Noûs 46 (3):483-498 (2011)
|Abstract||I consider an argument, due to Geoffrey Lee, that we can know a priori from the left-right asymmetrical character of experience that our brains are left-right asymmetrical. Lee's argument assumes a premise he calls relationism, which I show is well-supported by the best philosophical picture of spacetime. I explain why Lee's relationism is compatible with left-right asymmetrical laws. I then show that the conclusion of Lee's argument is not as strong or surprising as he makes it out to be|
|Keywords||No keywords specified (fix it)|
|Categories||No categories specified (fix it)|
|Through your library||Configure|
Similar books and articles
Jamie Glazov (2009). United in Hate: The Left's Romance with Tyranny and Terror. Worldnetdaily Wnd Books.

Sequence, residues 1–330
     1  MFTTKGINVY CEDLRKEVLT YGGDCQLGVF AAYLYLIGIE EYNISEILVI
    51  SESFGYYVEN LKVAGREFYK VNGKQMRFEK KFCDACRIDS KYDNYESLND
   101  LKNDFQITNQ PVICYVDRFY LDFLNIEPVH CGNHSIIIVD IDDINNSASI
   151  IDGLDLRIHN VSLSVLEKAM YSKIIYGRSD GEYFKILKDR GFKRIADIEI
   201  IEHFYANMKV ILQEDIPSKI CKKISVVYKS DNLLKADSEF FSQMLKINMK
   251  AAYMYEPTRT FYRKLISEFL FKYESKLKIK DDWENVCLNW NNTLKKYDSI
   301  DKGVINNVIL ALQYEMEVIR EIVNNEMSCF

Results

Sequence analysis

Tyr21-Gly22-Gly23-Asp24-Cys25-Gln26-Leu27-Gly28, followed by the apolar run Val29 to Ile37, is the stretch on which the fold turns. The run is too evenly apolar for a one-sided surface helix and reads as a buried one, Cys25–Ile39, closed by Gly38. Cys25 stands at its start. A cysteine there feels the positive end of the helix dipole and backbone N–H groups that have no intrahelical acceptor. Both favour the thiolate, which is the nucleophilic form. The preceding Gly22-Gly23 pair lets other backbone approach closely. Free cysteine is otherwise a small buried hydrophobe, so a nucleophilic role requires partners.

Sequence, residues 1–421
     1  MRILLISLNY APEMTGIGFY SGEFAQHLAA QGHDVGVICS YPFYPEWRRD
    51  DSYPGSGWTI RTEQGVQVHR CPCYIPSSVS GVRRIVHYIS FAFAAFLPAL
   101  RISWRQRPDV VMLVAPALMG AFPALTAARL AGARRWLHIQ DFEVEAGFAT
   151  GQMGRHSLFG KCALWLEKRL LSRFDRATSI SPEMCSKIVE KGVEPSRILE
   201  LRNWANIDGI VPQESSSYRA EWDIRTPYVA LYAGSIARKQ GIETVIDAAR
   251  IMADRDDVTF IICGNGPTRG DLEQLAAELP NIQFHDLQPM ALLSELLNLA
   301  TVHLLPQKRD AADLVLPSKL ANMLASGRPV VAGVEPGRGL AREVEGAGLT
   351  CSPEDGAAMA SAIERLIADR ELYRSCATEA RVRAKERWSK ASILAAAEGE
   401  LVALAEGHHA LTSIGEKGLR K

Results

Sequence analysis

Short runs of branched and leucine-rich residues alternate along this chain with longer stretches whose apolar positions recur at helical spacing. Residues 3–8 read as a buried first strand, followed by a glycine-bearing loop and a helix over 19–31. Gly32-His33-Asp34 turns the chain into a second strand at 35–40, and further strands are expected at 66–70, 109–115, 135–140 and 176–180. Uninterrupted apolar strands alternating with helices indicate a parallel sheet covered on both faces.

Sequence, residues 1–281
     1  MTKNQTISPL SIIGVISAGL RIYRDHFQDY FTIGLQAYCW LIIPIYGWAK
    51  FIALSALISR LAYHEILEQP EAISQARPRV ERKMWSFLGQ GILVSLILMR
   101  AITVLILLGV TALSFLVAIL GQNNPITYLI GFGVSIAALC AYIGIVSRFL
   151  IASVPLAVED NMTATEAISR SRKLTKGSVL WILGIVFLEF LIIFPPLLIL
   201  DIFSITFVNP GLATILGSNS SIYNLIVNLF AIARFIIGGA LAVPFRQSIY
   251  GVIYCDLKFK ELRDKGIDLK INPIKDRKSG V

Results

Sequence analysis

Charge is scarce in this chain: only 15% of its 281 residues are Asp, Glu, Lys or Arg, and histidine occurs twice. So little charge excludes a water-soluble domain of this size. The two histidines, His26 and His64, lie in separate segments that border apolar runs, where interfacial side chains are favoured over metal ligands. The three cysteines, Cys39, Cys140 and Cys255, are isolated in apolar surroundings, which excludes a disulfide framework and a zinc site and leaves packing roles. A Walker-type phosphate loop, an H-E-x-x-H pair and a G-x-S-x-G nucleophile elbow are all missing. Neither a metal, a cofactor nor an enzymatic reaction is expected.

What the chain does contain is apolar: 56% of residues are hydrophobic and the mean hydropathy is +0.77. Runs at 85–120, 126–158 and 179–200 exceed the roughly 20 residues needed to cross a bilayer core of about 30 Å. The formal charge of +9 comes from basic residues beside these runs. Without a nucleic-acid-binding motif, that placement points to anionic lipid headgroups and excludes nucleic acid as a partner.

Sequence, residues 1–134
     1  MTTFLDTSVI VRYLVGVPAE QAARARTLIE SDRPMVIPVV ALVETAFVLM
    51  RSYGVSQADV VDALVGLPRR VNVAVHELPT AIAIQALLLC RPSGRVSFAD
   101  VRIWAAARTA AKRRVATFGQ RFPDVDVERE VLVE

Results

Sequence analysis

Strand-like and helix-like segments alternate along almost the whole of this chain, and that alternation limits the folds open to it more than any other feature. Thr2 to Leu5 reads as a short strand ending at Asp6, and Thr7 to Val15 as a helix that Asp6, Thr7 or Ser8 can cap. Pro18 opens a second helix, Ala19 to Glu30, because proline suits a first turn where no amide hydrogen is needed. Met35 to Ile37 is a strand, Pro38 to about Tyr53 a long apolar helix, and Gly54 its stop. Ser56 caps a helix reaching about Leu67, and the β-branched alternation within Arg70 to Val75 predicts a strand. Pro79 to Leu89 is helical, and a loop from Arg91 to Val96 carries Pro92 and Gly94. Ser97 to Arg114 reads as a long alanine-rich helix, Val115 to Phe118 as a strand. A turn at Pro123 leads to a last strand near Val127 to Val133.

Peter W. Halligan & John C. Marshall (1998). Neglect of Awareness. Consciousness and Cognition 7 (3):356-380.
Michael Otsuka, Peter Vallentyne & Hillel Steiner (2005). Why Left-Libertarianism Is Not Incoherent, Indeterminate, or Irrelevant: A Reply to Fried. Philosophy and Public Affairs 33:201-215.
Ellen Clarke (2006). Anarchy, Socialism and a Darwinian Left. Studies in History and Philosophy of Science Part C 37 (1):136-150.
Geoffrey Lee (2006). The Experience of Left and Right. In Tamar Szabo Gendler & John Hawthorne (eds.), Perceptual Experience. Oxford University Press.
Lee Shepski (2008). The Vanishing Argument From Queerness. Australasian Journal of Philosophy 86 (3):371 – 387.
G. Lee (2006). The Experience of Left and Right. In Tamar S. Gendler & John Hawthorne (eds.), Perceptual Experience. Oxford University Press.
Joel Dittmer (2009). Raising Revenue for Persons with Disabilities. Res Publica 15 (1):33-51.
Added to index2009-09-16
Total downloads54 ( #19,309 of 556,840 )
Recent downloads (6 months)2 ( #39,122 of 556,840 )
How can I increase my downloads?